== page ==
Hygroscopic and phase separation properties of ammonium sulfate/organics/water ternary solutions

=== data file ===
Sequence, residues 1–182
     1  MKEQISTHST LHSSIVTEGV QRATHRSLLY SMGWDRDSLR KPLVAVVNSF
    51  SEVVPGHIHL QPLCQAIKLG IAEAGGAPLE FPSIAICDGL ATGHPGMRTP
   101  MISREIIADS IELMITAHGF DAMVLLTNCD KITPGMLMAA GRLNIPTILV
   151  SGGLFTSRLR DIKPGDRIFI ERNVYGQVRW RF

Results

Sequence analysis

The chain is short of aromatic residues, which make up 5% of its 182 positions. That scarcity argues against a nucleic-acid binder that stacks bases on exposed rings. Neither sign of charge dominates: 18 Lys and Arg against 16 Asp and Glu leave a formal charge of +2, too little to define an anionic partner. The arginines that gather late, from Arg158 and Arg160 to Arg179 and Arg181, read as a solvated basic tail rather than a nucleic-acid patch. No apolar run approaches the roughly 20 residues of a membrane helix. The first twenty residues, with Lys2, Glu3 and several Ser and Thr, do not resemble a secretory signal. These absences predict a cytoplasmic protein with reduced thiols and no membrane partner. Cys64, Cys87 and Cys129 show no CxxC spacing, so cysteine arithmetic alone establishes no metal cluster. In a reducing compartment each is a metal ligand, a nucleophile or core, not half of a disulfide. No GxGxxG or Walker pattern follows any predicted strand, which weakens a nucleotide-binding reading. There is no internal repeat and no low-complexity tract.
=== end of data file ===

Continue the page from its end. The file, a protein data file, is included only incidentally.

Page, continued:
Abstract. Atmospheric aerosol particles are often partially or completely composed of inorganic salts, such as ammonium sulfate and sodium chloride, and therefore exhibit hygroscopic properties. Many inorganic salts have well-defined deliquescence and efflorescence points at which they take up and lose water, respectively. Field measurements have shown that atmospheric aerosols are not typically pure inorganic salt, instead, they often also contain organic species. There is ample evidence from laboratory studies that suggests that mixed particles exist in a phase-separated state, with an aqueous inorganic core and organic shell. Although phase separation has not been measured in situ, there is no reason it would not also take place in the atmosphere. Here, we investigate the deliquescence and efflorescence points, phase separation and ability to exchange gas-phase components of mixed organic and inorganic aerosol using a flow tube coupled with FTIR (Fourier transform infrared) spectroscopy. Ammonium sulfate aerosol mixed with organic polyols with different O : C ratios, including 1,4-butanediol, glycerol, 1,2,6-hexanetriol, 1,2-hexanediol, and 1,5-pentanediol have been investigated. Those constituents correspond to materials found in the atmosphere in great abundance and, therefore, particles prepared in this study should mimic atmospheric mixed-phase aerosol particles. Some results of this study tend to be in agreement with previous microscopy experiments, but others, such as phase separation properties of 1,2,6-hexanetriol, do not agree with previous work. Because the particles studied in this experiment are of a smaller size than those used in microscopy studies, the discrepancies found could be a size-related effect.